Korean J Med Educ.  2007 Dec;19(4):295-304.

Application of Integrative Lecturing to Basic Medicine Courses for Undergraduate Health Allied Sciences Students

  • 1Department of Emergency Medical Technology, College of Oriental Cure, Public Health & Welfare, Samchok, Korea.
  • 2Department of Anatomy, College of Medicine, Kangwon National University, Chuncheon, Korea. jhpark@kangwon.ac.kr
  • 3Department of Emergency Medicine, Yong San Hospital, Chung Ang University, Seoul, Korea.


PURPOSE: In spite of the rapidly expanding importance of the basic sciences, the number of professors teaching basic sciences in medicine has not changed in the last decade. Thus, the need for new methods of teaching and learning has increased. The purpose of this study was to develop and assess integrative lecturing in the basic sciences for undergraduate allied health sciences students.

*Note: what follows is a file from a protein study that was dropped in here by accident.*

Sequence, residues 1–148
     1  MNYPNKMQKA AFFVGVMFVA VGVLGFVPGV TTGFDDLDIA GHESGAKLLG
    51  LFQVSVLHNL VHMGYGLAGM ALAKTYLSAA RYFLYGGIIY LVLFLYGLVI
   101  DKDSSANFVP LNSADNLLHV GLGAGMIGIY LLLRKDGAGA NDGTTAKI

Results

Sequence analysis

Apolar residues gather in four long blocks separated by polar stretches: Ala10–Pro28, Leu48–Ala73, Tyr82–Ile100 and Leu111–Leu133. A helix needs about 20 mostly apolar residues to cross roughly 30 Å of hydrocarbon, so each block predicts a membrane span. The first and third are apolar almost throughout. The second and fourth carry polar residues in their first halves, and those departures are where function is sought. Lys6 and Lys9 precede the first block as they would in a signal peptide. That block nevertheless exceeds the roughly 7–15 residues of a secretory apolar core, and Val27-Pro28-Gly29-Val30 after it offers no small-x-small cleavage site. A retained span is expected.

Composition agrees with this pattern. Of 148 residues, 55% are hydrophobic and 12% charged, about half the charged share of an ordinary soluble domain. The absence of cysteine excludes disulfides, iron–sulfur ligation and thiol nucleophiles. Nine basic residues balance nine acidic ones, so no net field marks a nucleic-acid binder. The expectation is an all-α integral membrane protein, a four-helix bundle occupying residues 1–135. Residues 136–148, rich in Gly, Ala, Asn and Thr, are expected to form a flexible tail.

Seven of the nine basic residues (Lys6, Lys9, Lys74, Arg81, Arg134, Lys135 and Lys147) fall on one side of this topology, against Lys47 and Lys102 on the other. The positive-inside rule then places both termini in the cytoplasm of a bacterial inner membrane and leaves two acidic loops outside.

We developed an alternate form of lecturing in anatomy, physiology, microbiology, and pathology, focusing on the gastrointestinal system. We tested several teaching strategies including E-learning, face-to-face, and practice. Students majoring in nursing (n=43), sports science (n=26), and emergency medical technology (n=35) participated and were asked to complete an anonymous survey.
The majority of the students were satisfied with the new lecture style (86.6%). They preferred integrative lectures to traditional lectures. The degree of satisfaction with E-learning and practice were much higher than with face-to-face. Most of the students identified the knowledge of interdisciplinary relationship and participating in cadaveric dissections as the important effects of this lecture style.
From this study, it can be suggested that integrative lecturing in basic sciences for public health- / medicine- related courses is effective in teaching and learning. Further studies for the development of integrative contents and system are needed.


Basic Medicine; Integrative Lectures; E-learning; Face-to-face Lectures; Survey
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